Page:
Prime Minister Narendra Modi on Tuesday listed climate change, terrorism and protectionism as the major challenges threatening the future of humanity. He was delivering the keynote address at the World Economic Forum’s plenary session in Switzerland’s Davos.

Modi urged all countries across the world to come together to fight global warming as extreme weather conditions are rising by the day. “The ice caps in the Arctic are melting and many islands are sinking or are about to sink.”

The Indian government has, to fight climate change, set a target of producing 175 gigawatts of renewable energy by 2022, he said, adding that it has achieved a generation capacity of 60 gigawatts in the last three years. He also urged other nations to lower carbon emissions as “it is the least we can do”.

While speaking about the threats posed by terrorism, the prime minister said “the artificial divide created between good and bad terrorists” is most dangerous. “It is painful to see some youngsters getting radicalised.”


The third challenge is protectionism, the prime minister said, adding that the world must realise that globalisation is slowly losing its shine. “In complete contrast to globalisation, countries are encouraging protectionism by creating new and artificial barriers for trade,” Modi said. “Several nations are suffering due to this and the global supply chain is being affected.”

Importance of technology

The world also faces challenges in terms of economic outlook and security, Modi said. “Transformation driven by technology is taking place everywhere, and data presents us with great opportunities to solve such issues,” he said. “We are not just a networked society, but today there is big data, artificial intelligence and robots.”

Data, however, also presents us with its own challenges. “Whoever controls data is the most powerful and can shape the world,” the prime minister added.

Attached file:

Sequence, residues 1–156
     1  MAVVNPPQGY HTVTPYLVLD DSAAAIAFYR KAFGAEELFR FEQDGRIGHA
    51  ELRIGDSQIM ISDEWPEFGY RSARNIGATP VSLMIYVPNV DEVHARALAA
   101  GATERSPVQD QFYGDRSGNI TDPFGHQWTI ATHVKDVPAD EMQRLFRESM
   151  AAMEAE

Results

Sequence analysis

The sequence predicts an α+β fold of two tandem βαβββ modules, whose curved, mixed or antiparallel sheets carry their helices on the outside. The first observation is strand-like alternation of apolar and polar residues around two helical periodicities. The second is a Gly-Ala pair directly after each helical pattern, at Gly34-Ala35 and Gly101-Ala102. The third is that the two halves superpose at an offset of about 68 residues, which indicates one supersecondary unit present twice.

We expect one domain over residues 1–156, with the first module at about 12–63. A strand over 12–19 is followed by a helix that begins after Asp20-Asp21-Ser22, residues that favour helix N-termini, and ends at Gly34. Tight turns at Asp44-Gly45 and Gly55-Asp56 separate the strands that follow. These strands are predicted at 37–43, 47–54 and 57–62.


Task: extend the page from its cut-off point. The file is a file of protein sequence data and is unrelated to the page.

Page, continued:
The four Ds

In India, Modi said, democracy, demographic and dynamism are helping development. He also spoke about the government’s vision for development, “Sabka Saath, Sabka Vikas” at the global stage, and claimed that more than 600 crore voters in India, for the first time in 30 years, “voted a single party to power at the Centre”.

The Indian government has abolished more than 1,400 archaic laws in the last three years, the prime minster said. “We are not merely bringing about minor reforms, but radical changes.” The path that the government has selected is of “reform, perform and transform”, he added.

Modi is the first Indian prime minister to attend the Davos summit in 20 years. The last time an Indian prime minister had travelled to Davos was in 1997. “Prime Minister HD Dewe Gowda visited Davos, and at that time, the Gross Domestic Product of the country was somewhere around $400 billion [approximately Rs 25 lakh crore] only,” he said. “Today, two decades later, it has grown about six times.”

Goods and Services Tax

Modi also told the world leaders present at the event that it is easier to work, travel and manufacture in India as all sectors have been opened up for foreign direct investment.

“India has cut red tape and removed artificial borders within the nation by introducing one nation, one tax in the form of Goods and Services Tax,” he said. “The citizens have also recognised the importance of our policies and have given up subsidies on various schemes.”

On Monday, Modi met the top chief executive officers of global companies at a round table meeting in Davos, where he presented opportunities for global businesses in India.

Meanwhile, the World Economic Forum on Monday ranked India 62nd out of 77 emerging economies on an “inclusive development index”. India has been ranked lower than China (26th), Pakistan (47th) and two other Brics members.